11. After 5 - 10 s, grasp the pipette base and insert into a disposable pipetting device; a hole in the bulb acts to release pressure upon insertion. Cover the bulb hole with an index finger and gently squeeze the bulb to release the vitrified blastocyst into the T1 wash (#1) while viewing by stereomicroscopy. Once confirmed, clear the residual V3 (VS) solution and bubbles by positive pressure, evacuating the contents into the center, unused discard well. Start a 5-min timer.
      Note: All sucrose dilution steps are performed at room temperature (21 ± 2 ºC).
    12. Remove VTF tip and place it onto a pipette. Proceed by moving the embryo into T1 #2 under oil for the remaining time (approximately 3 - 4 min).
      1. If a second blastocyst is required for transfer, immediately warm a second straw and VTF tip (repeating steps 2.4.9 - 2.4.11) from the patient before initiating step 2.4.12. Move both blastocysts together for a minimum elution in T1 (1.0 M sucrose) of at least 3 min.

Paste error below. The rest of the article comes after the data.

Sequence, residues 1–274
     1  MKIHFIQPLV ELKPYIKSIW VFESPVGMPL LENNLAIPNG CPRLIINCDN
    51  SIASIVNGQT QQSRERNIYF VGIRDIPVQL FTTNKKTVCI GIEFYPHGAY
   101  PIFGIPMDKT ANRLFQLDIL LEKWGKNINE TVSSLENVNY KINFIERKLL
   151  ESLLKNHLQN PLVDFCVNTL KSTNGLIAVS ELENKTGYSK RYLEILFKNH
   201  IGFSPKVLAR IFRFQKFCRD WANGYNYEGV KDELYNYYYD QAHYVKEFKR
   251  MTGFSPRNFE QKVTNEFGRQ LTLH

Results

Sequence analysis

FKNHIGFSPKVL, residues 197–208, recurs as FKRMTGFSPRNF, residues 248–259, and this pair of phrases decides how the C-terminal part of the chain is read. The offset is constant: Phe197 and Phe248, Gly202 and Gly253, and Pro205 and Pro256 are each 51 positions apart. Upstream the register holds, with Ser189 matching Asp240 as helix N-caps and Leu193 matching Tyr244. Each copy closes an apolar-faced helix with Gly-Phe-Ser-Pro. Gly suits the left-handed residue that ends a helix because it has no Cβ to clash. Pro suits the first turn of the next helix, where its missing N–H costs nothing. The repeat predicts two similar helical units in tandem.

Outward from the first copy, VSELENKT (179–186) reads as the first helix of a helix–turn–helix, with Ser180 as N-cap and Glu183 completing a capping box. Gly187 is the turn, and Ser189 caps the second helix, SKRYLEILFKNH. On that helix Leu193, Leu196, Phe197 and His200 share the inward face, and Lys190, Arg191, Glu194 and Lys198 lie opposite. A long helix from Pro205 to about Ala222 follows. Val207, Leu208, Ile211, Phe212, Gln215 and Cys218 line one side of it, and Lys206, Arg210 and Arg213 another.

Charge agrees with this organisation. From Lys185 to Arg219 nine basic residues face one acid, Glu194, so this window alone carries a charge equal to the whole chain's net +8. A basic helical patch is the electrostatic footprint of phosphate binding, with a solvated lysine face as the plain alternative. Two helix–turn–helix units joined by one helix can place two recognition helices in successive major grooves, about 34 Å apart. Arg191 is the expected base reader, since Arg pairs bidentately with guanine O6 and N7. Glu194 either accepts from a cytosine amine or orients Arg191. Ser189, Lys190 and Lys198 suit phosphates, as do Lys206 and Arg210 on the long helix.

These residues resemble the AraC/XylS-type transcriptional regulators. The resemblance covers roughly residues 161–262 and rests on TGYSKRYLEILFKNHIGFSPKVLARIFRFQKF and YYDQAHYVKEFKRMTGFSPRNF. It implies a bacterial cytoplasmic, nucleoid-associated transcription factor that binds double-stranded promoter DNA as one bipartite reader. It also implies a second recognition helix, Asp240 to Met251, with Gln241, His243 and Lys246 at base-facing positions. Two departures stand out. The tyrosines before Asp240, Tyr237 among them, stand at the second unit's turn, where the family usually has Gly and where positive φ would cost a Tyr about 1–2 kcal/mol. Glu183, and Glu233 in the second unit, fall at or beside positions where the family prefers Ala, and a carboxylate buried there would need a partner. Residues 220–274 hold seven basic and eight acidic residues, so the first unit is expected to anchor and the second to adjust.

13. Pre-fill the flexipette with the next solution, and then move and dilute the blastocyst(s) in T2, T3, and T4 at 3-min intervals. If the zona pellucida has not been previously laser ablated (i.e., hatched), do so in T4. Place the dish onto the stage of an inverted microscope and image the embryo on a computer monitor. Align the zona within a designated red circle and activate 2 or 3 impulses of a diode laser (beginning at the edge of the perivitelline space and moving outward) to create an opening2,19.
    14. Equilibrate the blastocysts in T5 (i.e., isotonic medium) for 5 min on a warm surface (37 °C).